Tracing Immigrant Origins

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*[[:Category:Huguenots|Huguenots]] (French Protestants) settled [[Portal:Florida|Florida]] in 1564, 43 years before [[Portal:Virginia|Jamestown]].  
 
*[[:Category:Huguenots|Huguenots]] (French Protestants) settled [[Portal:Florida|Florida]] in 1564, 43 years before [[Portal:Virginia|Jamestown]].  
 
*The [http://en.wikipedia.org/wiki/Statue_of_Liberty Statue of Liberty] was a gift from [[France|France]] to the [[United States|United States]].  
 
*The [http://en.wikipedia.org/wiki/Statue_of_Liberty Statue of Liberty] was a gift from [[France|France]] to the [[United States|United States]].  
*[http://en.wikipedia.org/wiki/United_States_immigration_statistics More people] have come from [[Portal:Italy|Italy]] to America than from any other nation, except [[Portal:Canada|Canada]].  
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*[http://en.wikipedia.org/wiki/United_States_immigration_statistics More people] have come from [[Portal:Italy|Italy]] and [[Portal:Germany|Germany]] to America than from any other nations.  
 
*More immigrants arrived at [[Pennsylvania Emigration and Immigration|Philadelphia]] than at [[New York Emigration and Immigration|New York City]] prior to 1800.  
 
*More immigrants arrived at [[Pennsylvania Emigration and Immigration|Philadelphia]] than at [[New York Emigration and Immigration|New York City]] prior to 1800.  
 
*More than 3/4 of American colonists arrived as [http://en.wikipedia.org/wiki/Indentured_servants indentured servants], [http://en.wikipedia.org/wiki/Penal_transportation convicts] or [[African American Slavery and Bondage|slaves]].  
 
*More than 3/4 of American colonists arrived as [http://en.wikipedia.org/wiki/Indentured_servants indentured servants], [http://en.wikipedia.org/wiki/Penal_transportation convicts] or [[African American Slavery and Bondage|slaves]].  
*The National Archives has records of both [http://www.archives.gov/publications/prologue/2000/fall/us-canada-immigration-records-1.html Canadian] and [http://www.archives.gov/genealogy/immigration/border-mexico.html Mexican] border crossings.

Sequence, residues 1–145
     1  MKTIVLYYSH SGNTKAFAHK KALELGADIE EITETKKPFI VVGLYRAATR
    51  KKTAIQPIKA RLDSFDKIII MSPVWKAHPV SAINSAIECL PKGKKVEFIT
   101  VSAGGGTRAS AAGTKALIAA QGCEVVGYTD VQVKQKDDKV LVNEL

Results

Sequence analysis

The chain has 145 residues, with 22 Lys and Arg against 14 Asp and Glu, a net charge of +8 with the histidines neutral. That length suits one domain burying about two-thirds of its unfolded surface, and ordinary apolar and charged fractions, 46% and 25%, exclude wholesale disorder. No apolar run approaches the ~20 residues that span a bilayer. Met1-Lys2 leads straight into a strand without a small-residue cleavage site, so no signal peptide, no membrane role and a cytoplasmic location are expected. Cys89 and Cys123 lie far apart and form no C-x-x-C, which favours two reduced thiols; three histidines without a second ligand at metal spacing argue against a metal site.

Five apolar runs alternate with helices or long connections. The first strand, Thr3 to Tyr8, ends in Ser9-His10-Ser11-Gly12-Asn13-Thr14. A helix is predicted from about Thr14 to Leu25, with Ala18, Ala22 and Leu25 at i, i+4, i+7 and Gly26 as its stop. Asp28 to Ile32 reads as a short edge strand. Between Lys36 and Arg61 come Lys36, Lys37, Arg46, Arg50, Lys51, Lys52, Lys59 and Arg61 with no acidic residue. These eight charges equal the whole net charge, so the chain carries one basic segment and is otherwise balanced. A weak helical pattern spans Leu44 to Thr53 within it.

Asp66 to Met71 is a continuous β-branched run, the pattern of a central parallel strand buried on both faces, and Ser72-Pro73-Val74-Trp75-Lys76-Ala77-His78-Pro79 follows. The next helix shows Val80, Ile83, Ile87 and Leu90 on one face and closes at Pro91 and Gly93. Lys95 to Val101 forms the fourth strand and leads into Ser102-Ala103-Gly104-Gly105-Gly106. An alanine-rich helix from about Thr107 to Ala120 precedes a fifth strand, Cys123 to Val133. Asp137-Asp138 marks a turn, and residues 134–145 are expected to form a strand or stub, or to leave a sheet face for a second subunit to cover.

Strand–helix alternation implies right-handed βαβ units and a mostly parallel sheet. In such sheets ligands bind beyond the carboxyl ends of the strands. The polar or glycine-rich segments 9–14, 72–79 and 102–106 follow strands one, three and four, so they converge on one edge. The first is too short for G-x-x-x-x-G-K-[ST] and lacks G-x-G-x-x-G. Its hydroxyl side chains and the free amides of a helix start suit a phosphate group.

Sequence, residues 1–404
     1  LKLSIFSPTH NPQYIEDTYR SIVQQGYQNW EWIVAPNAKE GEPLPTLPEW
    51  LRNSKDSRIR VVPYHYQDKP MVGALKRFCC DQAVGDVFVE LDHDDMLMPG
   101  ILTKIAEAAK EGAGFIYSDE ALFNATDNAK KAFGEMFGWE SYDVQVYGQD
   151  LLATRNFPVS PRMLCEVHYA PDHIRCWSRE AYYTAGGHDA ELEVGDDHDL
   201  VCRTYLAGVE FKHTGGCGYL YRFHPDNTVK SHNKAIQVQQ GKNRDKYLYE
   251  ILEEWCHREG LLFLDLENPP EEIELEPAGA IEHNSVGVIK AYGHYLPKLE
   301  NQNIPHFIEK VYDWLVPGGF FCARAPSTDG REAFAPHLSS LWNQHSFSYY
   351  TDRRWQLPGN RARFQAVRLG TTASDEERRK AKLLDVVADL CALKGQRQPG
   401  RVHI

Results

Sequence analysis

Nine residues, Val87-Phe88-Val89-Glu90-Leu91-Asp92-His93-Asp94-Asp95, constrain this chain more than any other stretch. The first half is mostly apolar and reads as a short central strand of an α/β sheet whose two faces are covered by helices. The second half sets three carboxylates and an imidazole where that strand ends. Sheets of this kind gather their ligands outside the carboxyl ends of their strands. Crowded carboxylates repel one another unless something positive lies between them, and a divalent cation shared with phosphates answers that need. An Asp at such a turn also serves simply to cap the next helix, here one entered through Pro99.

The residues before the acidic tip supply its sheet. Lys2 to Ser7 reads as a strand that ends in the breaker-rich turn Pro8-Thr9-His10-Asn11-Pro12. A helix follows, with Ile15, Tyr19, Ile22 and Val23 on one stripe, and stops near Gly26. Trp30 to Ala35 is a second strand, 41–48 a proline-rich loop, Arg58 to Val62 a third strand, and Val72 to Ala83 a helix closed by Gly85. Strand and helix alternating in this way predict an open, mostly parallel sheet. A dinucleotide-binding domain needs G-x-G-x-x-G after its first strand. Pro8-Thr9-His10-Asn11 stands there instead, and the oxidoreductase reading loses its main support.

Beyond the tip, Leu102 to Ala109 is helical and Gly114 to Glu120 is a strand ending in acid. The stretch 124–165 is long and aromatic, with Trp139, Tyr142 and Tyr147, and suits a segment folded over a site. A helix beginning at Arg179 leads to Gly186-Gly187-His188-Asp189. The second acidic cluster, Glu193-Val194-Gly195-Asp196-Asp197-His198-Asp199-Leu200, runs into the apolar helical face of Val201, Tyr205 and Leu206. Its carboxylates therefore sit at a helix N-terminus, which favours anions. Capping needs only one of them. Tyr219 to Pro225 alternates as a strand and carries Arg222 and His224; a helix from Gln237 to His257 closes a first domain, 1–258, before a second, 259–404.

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*The U.S. National Archives has both [http://www.archives.gov/publications/prologue/2000/fall/us-canada-immigration-records-1.html Canadian] and [http://www.archives.gov/genealogy/immigration/border-mexico.html Mexican] border crossing records.  
*Library and Archives Canada has border crossing records of Americans into Canada.  
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*Library and Archives Canada has [http://www.collectionscanada.gc.ca/genealogy/022-908-e.html border crossing records] of Americans into Canada.  
*Some American colonists had their wills sent back to England for probate.  
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*Some American colonists had their [http://www.worldcat.org/oclc/19273001&referer=brief_results wills sent back to England] for probate.  
*Up to 90 percent of Irish and Greek immigrants went back home from America.
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*Up to 90 percent of Irish and Greek immigrants [http://www.americanheritage.com/blog/20065_3_198.shtml went back home] from America.
  
 
=== External links  ===
 
=== External links  ===

Revision as of 03:55, 2 August 2009

Part 1 of 3
Introduction
Search Strategies
Part 2 of 3
Country of Arrival
Search Tactics
Record Selection Table
Record Types
Part 3 of 3
Country of Origin
Search Tactics
Record Selection Table
Record Types

For Further Reading

Elissa-ship.jpg
Immigrants came by ship, by rail, in wagons, and on foot.
Value. These Wiki pages introduce the principles, search strategies, and record types you can use to identify an immigrant ancestor's original hometown. These principles apply to almost any country. Finding an immigrant ancestor's place of origin is the key to finding earlier generations of the family. It provides access to many family history resources in that home area. Once you know a former place of residence or a birthplace, you may be able to add more generations to your pedigree. Read more of the Introduction . . .

Contents

Key Immigration Links

Featured content

Country of Arrival Obituaries. Obituaries are an excellent source of biographical information about immigrants. In addition to names and death dates, you can learn about surviving family members, church affiliations, spouses, parents, occupations, burial places, and hometowns in the old country. Even if a place of origin is not given, an obituary may provide additional research clues, such as the date or ship of immigration or traveling companions. Much of this information cannot be found in other sources. For many immigrants, an obituary is the only “biographical sketch” ever written about them.

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External links

To get started searching for your immigrant ancestors try:

Things you can do

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